A new scientific study has determined that the hot springs in Yellowstone National Park were actually once blue, rather than the multiple colors visible today. The results of the study suggested that the famous colorful rings, which tourists are accustomed to seeing, could be caused by years of human interference and rubbish.
According to the recent study, published in the Journal of Applied Sciences, colonies of microbes collect in the pools and bloom in the hotter waters, which have a temperature range of 140 to 194 degrees Fahrenheit. The study explains that different types of microbes live in different temperatures and thus create the color variations in the Yellowstone National Parks’ hot springs.
The study outlines the work conducted by researchers from Germany’s Brandenburg University of Applied Sciences and Montana State University (MSU). The scientists, who co-authored the published study, used optical measures to develop the model that recreated images of what the springs would have looked like before the impact of tourism took effect.
During the past several decades tourists who have visited the Yellowstone National Park hot springs, have thrown coins into the water to make a wish. These coins, together with other rubbish and natural debris, have caused the springs’ color to change from what they believe was once a deep blue. The scientists believe that the coins and rubbish altered the spring’s chemistry, turning the color to a succession of oranges, yellows and greens.
Researchers explained that their one-dimensional model propagated the light and enabled them to reproduce the Yellowstone National Park’s hot springs’ optical characteristics. Director of MSU’s Optical Technology Center Joseph Shaw, said the process demonstrated that it is possible to explain intense beauty with “relatively simple models.”
Shaw’s colleague from Germany Michael Vollmer, said they initially began the study for fun. However after realizing that there was minimal published scientific information on the idea that the Yellowstone National Park hot springs were possibly once blue, they looked at the topic more seriously.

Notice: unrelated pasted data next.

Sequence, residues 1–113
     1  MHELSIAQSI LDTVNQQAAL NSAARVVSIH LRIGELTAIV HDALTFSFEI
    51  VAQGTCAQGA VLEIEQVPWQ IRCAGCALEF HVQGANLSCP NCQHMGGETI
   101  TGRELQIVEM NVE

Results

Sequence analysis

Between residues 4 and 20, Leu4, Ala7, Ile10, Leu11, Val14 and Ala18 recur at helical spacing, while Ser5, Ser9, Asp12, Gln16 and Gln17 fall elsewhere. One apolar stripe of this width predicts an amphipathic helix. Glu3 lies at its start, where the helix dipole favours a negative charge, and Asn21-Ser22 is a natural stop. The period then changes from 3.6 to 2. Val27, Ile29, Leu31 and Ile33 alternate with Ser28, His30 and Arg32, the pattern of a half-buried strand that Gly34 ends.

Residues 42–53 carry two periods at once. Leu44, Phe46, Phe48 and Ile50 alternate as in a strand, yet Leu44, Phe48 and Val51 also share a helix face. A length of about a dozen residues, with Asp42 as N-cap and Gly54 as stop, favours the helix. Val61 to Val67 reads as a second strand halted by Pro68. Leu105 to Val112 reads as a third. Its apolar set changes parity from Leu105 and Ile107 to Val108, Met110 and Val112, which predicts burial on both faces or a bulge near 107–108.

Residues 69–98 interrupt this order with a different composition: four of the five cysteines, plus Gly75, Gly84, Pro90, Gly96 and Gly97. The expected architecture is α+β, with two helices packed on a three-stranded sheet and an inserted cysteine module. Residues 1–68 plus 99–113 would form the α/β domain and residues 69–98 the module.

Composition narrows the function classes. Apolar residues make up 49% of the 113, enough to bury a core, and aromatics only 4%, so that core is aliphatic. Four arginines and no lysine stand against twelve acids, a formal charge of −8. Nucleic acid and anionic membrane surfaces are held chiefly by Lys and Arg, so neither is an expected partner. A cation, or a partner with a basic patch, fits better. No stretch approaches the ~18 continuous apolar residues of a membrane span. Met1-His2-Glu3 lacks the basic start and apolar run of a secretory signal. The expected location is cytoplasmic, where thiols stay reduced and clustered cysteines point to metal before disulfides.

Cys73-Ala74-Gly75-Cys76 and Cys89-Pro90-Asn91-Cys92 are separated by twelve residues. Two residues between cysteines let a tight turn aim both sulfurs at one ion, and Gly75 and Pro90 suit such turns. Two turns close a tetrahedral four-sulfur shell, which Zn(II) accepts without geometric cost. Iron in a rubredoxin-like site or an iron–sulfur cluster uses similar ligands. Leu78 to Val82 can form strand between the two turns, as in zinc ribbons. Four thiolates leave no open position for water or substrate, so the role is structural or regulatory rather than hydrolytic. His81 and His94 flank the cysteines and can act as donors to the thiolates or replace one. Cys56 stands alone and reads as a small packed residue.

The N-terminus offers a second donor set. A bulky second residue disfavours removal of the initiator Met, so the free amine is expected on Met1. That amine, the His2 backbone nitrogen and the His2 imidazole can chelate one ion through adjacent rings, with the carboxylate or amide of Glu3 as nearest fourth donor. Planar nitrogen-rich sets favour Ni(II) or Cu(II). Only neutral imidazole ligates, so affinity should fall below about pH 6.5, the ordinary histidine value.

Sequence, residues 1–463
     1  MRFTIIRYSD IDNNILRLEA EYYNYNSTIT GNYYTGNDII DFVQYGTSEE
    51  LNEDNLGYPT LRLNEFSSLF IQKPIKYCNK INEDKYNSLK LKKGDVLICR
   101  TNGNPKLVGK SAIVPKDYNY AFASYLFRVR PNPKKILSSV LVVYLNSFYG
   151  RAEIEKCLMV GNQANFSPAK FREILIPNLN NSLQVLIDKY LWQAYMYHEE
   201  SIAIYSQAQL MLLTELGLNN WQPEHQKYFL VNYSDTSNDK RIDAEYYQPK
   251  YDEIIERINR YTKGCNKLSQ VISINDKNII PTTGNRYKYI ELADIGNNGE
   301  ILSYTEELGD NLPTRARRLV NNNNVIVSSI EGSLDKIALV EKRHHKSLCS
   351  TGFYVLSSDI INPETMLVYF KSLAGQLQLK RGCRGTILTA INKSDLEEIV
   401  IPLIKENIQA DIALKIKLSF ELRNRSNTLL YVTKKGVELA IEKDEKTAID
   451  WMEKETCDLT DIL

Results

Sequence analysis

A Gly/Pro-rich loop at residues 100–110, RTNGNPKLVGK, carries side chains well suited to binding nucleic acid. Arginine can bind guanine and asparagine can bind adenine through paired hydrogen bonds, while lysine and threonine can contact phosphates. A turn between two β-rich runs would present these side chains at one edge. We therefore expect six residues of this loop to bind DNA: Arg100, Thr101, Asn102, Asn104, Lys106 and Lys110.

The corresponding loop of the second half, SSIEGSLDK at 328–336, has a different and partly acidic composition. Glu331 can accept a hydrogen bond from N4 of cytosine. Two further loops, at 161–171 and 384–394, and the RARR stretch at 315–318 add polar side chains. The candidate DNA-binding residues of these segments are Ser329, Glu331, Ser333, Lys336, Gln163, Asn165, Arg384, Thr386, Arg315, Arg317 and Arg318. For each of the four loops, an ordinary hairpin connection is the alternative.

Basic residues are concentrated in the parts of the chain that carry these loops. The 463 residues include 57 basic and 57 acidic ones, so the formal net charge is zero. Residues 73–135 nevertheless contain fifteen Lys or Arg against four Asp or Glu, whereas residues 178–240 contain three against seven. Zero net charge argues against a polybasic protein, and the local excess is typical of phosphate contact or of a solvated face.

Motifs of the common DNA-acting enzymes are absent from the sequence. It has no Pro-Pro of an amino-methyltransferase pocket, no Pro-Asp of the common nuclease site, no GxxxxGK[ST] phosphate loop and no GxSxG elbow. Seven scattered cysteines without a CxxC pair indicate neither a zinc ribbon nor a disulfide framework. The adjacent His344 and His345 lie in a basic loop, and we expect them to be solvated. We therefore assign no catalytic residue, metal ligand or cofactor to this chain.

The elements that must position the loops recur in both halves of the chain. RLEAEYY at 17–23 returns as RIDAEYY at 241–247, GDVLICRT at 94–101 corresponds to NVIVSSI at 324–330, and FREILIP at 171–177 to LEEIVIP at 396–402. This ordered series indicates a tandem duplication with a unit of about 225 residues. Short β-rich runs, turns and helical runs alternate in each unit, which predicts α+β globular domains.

The research began when Shaw’s Ph.D. student Paul Nugent, joined the two scientists on a research trip to the hot springs at Yellowstone National Park in 2012. They used hand-held equipment including long wave infrared thermal imaging cameras and digital SLRs, as well as portable spectrometers to conduct initial measurements of the pools’ temperatures.
They combined their collected data with existing information to create their model, which they then used to produce photographic type images of the pools. In this way the researchers were able to establish a relationship between the water temperatures in varying depths, and the relevant colors in those areas.
The research suggested that the color of the Morning Glory Pool would have been a “uniform deep blue” in the 1880s through to the 1940s when the water temperature was markedly higher. The scientists said the water temperature had reduced in the years since tourists began frequenting the Yellowstone National Park. They explained the accumulation of natural and human rubbish had partially blocked the underwater vent, causing the water temperature to lower and the color of the pool to change.
Vollmer said that their discovery was really only the first step in what could become a detailed biological study. He explained that their work was based on optical phenomena and imaging, which is their field of expertise.
Shaw added that there are possibilities of future collaborations with MSU’s biological experts, who would be interested in accessing new techniques for measuring the pools’ changes in biologies and the corresponding changes in colors. Future biological research may contribute to the recent findings that have suggested that the Yellowstone National Park hot springs were once blue.
By Monica Grant
Photo by Julie Falk – Flickr License